12/1/2018
09:21
cc2014: A company where they need to keep the juggernaut rolling as they need cash from the next contract to pay for the current one, as in the construction industry you tend to get paid in 14 days but pay out in 30, 60 or 120 in CLLN's case. Cashflow is easy if you're expanding, if you contract you have a problem. Then came their expansion into service contracts where there are large up front costs which leach cash at the beginning and then become cash cows at the end. CLLN took on too many of these and tried to finance it from the construction cashflow. They knew they were in at a loss but needed the cash. If you go and look at the most recent analyst presentation on their website you will see charts of typical cash flow for construction and service contracts. Somewhere there is an admission they were funding the service contracts from construction contracts but I don't have a link handy. Finally there's CLLN's reputation problem. Example where they can't get paid for the middle east job where we don't even know if they can collect the £200m or owe even more. So, they have to compete on price, which is a problem in an industry on tiny margins, especially where your interest bill is far higher than your competitors. Got to go now. Need to focus on some construction companies where the share price going up. NMD yesterday up around 15%. CTO on the move over the last few weeks and buyers out again today. I know it's great to catch a falling knife and multi-bag but there are lower risk trades out there which can still multi-bag. Go look at CTO and read the last 500 posts and then make a decision. NMD too Opportunities in other sectors too
11/1/2018
13:36
erogenous jones: srpactive, you asked why there was support at 15p from 50p and the answer is very simple. Market makers are there to ensure that there is a market in the shares. The shares are thus priced on the desireablity that they (the MM) have for the shares and what they (the MM) are prepared to pay to own shares and taking risk of not being able to sell them. That is the bid price. The price that they believe is sufficiently high to attract buyers to acquire shares in a company is pitched as high as possible and is the asking price or OFFER. Their role is designed to be as neutral as possible where they make their money on the spread. The spread or brokers turn is the difference between the Bid and Offer prices This is a very simplistic answer, of course. Were I a naive investor I might equate a low share price to good value. I have recently added to my holding in IMB as the gap between £30+ per share and 20p or whatever CLLN is at is quite a big buffer! CLLN is priced to go bust and IMB not.
09/1/2018
08:30
cc2014: Monday's news. I assume it explains the share price rise in that a company that should be bust is being "supported" albeit not directly by the government The government has been putting pressure on lenders not to pull the plug on Carillion as the company’s fight for survival intensifies. City sources told the Enquirer that ministers and civil servants have been exerting their influence on the company’s bankers to buy Carillion time. One said: “This is one of the most political situations I’ve seen. “The government don’t want to see thousands of job losses and have been leaning on the banks to keep things afloat.” Carillion is due to present a new business plan to its lenders this week in a bid to reduce debt and win more funding. A series of profit warnings have seen the firm’s share price collapse by 90%. The source said: “Think about it logically. This is a firm around £1bn in debt with a market cap now of just £80m. “Those numbers say it should have gone by now but it’s still in business.” Carillion employs more than 40,000 people and is a major supplier to Government.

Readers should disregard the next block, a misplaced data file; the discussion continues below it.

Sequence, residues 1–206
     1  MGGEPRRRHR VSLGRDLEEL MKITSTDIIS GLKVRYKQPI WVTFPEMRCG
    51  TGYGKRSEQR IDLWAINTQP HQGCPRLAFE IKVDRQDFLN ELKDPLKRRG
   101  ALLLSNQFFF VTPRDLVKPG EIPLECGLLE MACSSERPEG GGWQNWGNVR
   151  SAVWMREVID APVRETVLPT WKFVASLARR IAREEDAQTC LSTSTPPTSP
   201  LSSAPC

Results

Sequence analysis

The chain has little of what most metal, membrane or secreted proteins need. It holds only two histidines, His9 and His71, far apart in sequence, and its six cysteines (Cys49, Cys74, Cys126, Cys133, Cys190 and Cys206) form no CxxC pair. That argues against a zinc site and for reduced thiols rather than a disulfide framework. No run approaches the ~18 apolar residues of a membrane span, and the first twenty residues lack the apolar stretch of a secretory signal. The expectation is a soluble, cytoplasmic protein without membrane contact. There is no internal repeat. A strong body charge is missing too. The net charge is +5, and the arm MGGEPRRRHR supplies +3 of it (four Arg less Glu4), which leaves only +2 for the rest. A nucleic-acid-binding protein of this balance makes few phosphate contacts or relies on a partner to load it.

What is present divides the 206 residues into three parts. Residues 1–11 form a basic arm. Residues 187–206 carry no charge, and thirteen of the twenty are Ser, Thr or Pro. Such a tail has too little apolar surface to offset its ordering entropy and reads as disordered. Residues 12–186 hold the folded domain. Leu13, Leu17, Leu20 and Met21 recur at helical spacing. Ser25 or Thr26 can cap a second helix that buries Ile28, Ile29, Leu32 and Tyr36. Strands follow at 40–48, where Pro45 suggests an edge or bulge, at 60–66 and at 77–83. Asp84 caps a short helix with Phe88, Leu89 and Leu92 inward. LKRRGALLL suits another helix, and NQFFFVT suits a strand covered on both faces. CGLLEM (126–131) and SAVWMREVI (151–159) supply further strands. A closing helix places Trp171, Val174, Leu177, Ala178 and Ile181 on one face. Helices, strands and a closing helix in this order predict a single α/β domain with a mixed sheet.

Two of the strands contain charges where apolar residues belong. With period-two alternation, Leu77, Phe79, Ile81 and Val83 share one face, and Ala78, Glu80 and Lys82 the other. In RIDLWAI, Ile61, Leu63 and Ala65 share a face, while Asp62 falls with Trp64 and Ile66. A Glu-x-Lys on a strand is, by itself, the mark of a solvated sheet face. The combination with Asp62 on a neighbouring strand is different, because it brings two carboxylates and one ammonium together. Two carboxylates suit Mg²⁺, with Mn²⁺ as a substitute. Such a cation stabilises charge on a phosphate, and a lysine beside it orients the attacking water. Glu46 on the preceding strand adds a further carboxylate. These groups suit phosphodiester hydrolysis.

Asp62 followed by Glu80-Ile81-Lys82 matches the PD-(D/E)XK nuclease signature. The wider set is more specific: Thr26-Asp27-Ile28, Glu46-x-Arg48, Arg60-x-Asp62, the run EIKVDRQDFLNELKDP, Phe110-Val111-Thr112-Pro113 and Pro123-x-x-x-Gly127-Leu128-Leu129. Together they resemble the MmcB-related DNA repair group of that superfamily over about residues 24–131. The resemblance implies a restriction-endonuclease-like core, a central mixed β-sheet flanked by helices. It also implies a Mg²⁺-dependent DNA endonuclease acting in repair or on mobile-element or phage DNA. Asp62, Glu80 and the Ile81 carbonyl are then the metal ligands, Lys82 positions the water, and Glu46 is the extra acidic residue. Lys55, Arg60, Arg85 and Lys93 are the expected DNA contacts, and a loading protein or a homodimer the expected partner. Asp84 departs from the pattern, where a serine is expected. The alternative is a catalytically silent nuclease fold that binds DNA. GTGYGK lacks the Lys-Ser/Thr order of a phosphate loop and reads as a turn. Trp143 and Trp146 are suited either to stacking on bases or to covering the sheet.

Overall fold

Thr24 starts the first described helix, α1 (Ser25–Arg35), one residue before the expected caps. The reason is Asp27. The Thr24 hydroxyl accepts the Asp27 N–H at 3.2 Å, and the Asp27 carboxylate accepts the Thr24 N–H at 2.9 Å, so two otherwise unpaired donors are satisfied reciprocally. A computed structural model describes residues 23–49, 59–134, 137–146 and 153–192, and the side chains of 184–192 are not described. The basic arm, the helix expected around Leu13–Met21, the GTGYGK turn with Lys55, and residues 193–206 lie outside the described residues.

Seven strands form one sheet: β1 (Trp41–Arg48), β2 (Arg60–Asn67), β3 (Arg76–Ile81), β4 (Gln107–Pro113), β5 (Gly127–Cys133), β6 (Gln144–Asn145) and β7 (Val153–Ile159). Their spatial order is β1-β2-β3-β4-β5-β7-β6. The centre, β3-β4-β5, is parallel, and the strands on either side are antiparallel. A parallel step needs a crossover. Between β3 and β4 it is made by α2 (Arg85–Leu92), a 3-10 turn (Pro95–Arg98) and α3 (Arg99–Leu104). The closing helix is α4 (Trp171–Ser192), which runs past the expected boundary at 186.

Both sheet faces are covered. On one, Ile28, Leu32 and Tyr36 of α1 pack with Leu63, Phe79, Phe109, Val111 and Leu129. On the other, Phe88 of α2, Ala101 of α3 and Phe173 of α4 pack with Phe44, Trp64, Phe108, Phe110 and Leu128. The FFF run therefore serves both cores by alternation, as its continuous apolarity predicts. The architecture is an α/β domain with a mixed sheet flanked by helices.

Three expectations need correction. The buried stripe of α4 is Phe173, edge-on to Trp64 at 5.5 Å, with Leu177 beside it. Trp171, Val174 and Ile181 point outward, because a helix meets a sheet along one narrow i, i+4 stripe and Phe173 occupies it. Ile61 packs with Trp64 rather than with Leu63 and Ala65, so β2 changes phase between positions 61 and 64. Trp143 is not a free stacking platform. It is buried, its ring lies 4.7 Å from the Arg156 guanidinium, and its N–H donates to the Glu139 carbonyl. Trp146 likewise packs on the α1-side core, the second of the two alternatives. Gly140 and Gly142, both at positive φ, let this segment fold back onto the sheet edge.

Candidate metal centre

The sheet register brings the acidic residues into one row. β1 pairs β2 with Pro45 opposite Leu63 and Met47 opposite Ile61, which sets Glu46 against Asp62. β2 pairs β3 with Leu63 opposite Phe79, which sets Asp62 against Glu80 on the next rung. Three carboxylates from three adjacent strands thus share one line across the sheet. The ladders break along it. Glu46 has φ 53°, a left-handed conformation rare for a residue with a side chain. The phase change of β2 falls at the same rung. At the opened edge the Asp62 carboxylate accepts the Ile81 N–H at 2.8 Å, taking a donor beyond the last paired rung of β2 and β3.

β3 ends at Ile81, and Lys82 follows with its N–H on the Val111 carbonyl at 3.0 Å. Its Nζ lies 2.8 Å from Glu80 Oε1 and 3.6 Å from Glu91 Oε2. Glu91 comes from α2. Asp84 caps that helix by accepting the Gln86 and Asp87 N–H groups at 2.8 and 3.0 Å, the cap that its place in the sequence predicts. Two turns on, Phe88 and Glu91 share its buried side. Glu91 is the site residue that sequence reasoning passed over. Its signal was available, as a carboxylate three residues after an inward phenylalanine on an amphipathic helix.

08/1/2018
09:52
fenners66: Shorts were 15.59% in December and 16.2% now - so depending upon the time frame you can spin it either way. One thing that does not change which ever way you spin it - this is still the MOST shorted stock on the market after all this time. Debenhams is the second most shorted stock and look what happened there - share price down 38% in 12 weeks and bad Xmas trading update. Seems to me these shorters are getting more accurate in their assessment of poor performing companies ( that is companies not share prices).
22/12/2017
10:24
wallywoo: hey carbon, we have had traders being bullish on clln since well over £2 share price Was just trying to even out the bull comments. I am not trying to patronise you, just provide balance. I believe this small bounce this morning will get sold into, later in the day. And ultimately the company share price will stay low until it enters administration. There were lots of thumbs up for bull comments then too. Did not do them any good though time will tell who is right
Carillion share price data is direct from the London Stock Exchange